Today’s Reading: I Corinthians 1:3-4 NIV
3 Praise be to the God and Father of our Lord Jesus Christ, the Father of compassion and the God of all comfort, 4 who comforts us in all our troubles, so that we can comfort those in any trouble with the comfort we ourselves have received from God.
When our son David was born prematurely, the volunteers at St. John’s Mercy Medical Center gave us a small pillow with his birth information as a token gift. He was too tiny to care much about it then; yet, that pillow became quite a comfort to him later on in life. As David grew, he proudly carried his birth pillow everywhere he went! We had to arm wrestled that child to give the pillow up just long enough so Mommy could wash it. He would stand by the dryer with crocodile tears running down his face, waiting impatiently for the dry buzzer to sound. One of my favorite photographs of David was when he proudly graduated from preschool. He stood underneath the big oak tree in front of our church parsonage in his yellow cap and gown, grinning from ear to ear, hugging the stuffing out of his pillow. When he began elementary school, David’s pillow remained hidden in the bottom of his backpack, just underneath his feet at the foot of the desk.
A small, fluffy pillow can make a big difference to a hurting child. I’ve been pondering what kind of comfort the baby Jesus experienced in the manger the very first winter of his earthly life. When his mother Mary was not nursing him, or holding the babe in her arms, I wondered whether she fashioned a small pillow from the hay and swaddling clothes, to keep the infant Savior comforted throughout those long winter nights. Tonight when I attend A Night in Bethlehem at Faith United Methodist Church in St. Charles, Missouri, I will get to relive what it may have been like the night God sent His only Son to save us. When the shepherds came and wise men gave their treasures to the newborn babe, I knew what gift I would give to the baby in the manger.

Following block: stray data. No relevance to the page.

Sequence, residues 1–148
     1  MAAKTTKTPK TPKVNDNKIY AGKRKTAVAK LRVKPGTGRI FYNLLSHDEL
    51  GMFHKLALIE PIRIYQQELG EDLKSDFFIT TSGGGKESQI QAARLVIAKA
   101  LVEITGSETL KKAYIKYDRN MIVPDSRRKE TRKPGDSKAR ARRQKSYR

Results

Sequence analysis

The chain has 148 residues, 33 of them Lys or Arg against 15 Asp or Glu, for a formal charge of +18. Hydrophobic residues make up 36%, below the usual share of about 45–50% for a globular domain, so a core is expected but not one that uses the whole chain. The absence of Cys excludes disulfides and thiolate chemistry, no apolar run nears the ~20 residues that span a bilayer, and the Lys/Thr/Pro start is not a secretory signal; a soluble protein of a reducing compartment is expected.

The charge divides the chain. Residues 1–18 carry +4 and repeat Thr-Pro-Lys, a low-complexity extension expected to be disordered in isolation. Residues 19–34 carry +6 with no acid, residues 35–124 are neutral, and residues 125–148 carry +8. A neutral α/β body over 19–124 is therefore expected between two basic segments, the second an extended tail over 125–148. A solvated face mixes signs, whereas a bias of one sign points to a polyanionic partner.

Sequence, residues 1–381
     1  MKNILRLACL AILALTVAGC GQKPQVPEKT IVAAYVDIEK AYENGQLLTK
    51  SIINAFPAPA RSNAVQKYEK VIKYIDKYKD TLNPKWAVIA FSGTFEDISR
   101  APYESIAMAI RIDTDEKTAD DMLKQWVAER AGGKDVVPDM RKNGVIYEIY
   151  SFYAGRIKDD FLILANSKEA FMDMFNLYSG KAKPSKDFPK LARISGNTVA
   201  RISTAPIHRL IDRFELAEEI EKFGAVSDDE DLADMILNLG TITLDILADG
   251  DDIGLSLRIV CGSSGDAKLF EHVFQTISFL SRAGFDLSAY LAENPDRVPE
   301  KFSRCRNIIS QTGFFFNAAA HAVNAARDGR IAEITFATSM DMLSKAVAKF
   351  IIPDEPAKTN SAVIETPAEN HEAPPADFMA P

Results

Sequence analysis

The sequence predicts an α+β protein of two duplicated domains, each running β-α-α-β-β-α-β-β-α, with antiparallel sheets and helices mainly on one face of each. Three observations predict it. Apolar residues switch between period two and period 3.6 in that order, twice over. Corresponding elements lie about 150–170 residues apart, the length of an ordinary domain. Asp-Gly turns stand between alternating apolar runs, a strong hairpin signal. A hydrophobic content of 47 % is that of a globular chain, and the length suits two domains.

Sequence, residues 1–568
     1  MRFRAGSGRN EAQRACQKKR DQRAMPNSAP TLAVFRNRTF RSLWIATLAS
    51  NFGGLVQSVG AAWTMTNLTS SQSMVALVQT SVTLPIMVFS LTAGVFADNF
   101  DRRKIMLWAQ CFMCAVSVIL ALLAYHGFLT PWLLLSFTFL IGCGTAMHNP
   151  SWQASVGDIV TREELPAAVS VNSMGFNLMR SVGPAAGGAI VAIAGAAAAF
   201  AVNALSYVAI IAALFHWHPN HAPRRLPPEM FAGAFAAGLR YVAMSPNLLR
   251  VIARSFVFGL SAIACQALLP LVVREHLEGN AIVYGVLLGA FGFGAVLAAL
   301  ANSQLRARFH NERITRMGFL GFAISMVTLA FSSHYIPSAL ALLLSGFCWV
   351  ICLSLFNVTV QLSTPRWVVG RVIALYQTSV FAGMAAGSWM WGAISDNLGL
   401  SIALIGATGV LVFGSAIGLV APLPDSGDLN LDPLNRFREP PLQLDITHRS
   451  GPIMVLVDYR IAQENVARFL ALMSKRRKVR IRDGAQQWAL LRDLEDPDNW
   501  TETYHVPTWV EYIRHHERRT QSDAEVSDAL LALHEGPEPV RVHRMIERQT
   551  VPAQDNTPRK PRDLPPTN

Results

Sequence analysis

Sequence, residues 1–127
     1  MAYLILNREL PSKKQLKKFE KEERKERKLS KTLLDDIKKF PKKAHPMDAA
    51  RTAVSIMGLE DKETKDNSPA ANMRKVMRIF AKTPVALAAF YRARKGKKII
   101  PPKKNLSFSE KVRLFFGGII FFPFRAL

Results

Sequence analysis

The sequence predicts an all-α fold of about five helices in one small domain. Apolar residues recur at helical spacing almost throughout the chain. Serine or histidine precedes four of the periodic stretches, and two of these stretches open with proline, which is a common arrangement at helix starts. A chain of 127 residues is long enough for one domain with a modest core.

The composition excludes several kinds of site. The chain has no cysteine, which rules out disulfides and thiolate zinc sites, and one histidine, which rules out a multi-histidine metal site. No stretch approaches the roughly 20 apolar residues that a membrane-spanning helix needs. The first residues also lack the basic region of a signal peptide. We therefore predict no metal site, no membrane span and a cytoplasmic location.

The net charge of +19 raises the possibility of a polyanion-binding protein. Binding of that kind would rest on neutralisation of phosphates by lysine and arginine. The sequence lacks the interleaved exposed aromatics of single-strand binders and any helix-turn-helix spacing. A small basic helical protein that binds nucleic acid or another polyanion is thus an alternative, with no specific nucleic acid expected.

Our five-year-old granddaughter, Emily, recently spent eight days in the hospital, following surgery to correct a very similar birth defect that our son David was born with. A group of volunteers at Children’s Hospital gave gifts of handmade hope and love for each of its wee patients. When Emily was admitted, she was given the cutest little handmade pillow to hold after she woke up from surgery. Whenever she would cough, Emily held that pillow against her belly to comfort her through the pain. As a grandmother, I relived many of the memories I had with my own son, watching and waiting as our Emily recovered.
When I arrived in Arnold early Saturday morning, Emily was sleeping peacefully in her bedroom upstairs. When she spotted me sitting on the sofa along with her brothers, Emily became very excited. “Nanny,” she said, “I have a surprise present for you! Close your eyes and stay right there.” She returned shortly with a small gift in her hands. “I want to give this to you, Nanny,” she said. In her hands was the tiny pillow from the hospital. “This is for your sore shoulder; it will make you feel better too.” Emily was quite right, as I took the pillow and pressed it tightly between my neck and shoulder. What great comfort I received from my own grandchild that day!
How such a small, tangible gift can bring comfort to a hurting world is hard to imagine. It is the Savior’s love, flowing down from our Heavenly Father above. What gift will you bring to the manger? I’m giving Jesus my heart, for it is all I have to give. And I think I’ll take a small heart-shaped pillow along, to comfort the baby in the manger.
Grace and peace,
Faith UMC - St. Charles, MO
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